The vehicles have a secured storage compartment and a screen interface which enable the passengers to post a parcel for delivery while ‘on the go’. The passengers can make posting of parcels a part of their daily journey to work, without making any detours.

Every vehicle can carry up to 32 parcels and additional mail. The maximum size of the parcels is restricted to ‘DHL standard box 5’ for the convenience of passengers. 

In Singapore, 66% of trips during peak hours are using public transport. They aim to achieve a peak hour public transport mode share of 75% by 2030 (4).

The increasing ridership of public transportation in Singapore makes ‘eco line’ an easy accessible service for the people. This is also a great business opportunity for DHL thus creating a win-win situation.

 

B.Parcel Delivery using Public Trains

The parcels collected during the day are consolidated at a fixed time after the evening peak hours, when the trains are less crowded.  The ‘eco line’ vehicles are reloaded for delivery operations at the consolidation centres.

The local delivery process starts after the evening peak hours (approx. 8 – 12pm), when most of the people would be back home. The vehicles travel from the consolidation centres to their last mile delivery zones using the public train network for the longer distances. Thereafter, the ‘eco line’ vehicles are driven by DHL delivery officers within the last mile zone for delivering parcels/mails to customer doorsteps, mailboxes or to the local Packstations.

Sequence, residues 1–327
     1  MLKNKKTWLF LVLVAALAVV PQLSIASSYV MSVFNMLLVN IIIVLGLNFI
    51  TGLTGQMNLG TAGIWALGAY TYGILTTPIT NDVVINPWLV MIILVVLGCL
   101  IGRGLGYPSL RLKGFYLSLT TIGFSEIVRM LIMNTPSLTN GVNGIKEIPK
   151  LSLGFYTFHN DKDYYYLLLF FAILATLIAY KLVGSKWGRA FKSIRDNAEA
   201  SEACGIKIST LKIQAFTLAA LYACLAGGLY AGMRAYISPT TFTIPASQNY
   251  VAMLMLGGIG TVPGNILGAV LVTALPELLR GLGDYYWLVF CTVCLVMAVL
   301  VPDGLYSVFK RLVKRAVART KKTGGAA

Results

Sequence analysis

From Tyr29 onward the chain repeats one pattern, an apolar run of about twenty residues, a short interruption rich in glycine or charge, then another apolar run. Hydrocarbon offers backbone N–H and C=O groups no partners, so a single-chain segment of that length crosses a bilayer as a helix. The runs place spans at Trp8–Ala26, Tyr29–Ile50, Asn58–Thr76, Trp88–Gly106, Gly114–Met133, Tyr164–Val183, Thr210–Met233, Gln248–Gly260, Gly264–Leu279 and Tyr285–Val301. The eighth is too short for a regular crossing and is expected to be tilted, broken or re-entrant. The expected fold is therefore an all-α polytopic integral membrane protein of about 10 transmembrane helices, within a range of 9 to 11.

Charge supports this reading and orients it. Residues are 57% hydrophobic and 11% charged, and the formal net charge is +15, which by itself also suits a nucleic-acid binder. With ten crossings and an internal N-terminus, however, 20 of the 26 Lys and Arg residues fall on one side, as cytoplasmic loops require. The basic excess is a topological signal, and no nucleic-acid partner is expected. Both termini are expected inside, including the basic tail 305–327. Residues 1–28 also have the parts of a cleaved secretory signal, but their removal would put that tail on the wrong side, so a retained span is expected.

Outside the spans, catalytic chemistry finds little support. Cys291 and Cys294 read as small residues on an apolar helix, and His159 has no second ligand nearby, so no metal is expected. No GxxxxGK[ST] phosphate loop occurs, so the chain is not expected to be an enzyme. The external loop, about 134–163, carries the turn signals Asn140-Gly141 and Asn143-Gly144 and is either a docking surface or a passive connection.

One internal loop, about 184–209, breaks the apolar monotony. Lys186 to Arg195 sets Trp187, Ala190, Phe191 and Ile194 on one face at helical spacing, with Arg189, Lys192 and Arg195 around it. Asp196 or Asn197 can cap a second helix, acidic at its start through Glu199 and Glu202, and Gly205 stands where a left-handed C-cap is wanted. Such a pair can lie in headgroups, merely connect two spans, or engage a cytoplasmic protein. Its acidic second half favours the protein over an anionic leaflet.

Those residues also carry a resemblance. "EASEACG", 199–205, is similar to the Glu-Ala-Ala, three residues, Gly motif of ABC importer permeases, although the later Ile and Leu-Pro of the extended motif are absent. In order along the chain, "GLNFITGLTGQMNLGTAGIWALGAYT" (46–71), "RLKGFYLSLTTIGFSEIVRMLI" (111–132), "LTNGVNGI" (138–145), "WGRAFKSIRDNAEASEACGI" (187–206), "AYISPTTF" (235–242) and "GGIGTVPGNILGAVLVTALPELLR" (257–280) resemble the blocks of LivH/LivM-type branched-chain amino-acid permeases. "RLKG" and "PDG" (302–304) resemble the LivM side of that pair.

Once the parcel delivery has been completed, the vehicles are driven to the closest train station before the train service ends. The empty vehicles are parked back in their designated space inside the train, ready for collecting parcels on the next day.

Conclusion

The ‘eco line’ concept is an essential solution for fair, responsible and efficient logistics in megacites and the mobility challenges of the future.


Summing up, ‘eco line’ is an environmentally responsible service, which would drastically reduce the urban transportation emissions. It could potentially reduce congestion due to the replacement of freight vehicles on roads and optimized operational hours.


‘Eco line’ service is a part of the public transport network, hence providing fair and easy access for everyone. Parcel posting now becomes an integrated experience of urban commuting. For the convenience and benefit of the delivery officers, they could operate without leaving their delivery zone which could be their residential neighbourhood at the same time. ‘ecoline’ thus makes their work more flexible, efficient and dynamic.


‘ecoline’ concept could be scaled for leveraging on different modes of public transport like Bus Rapid Transit(BRT), trams or streetcars etc. suiting distribution requirements of different megacities. In the near future, new technologies like autonomous or tele-operated driving could expand the ‘ecoline’ concept for aiding the megacities of tomorrow.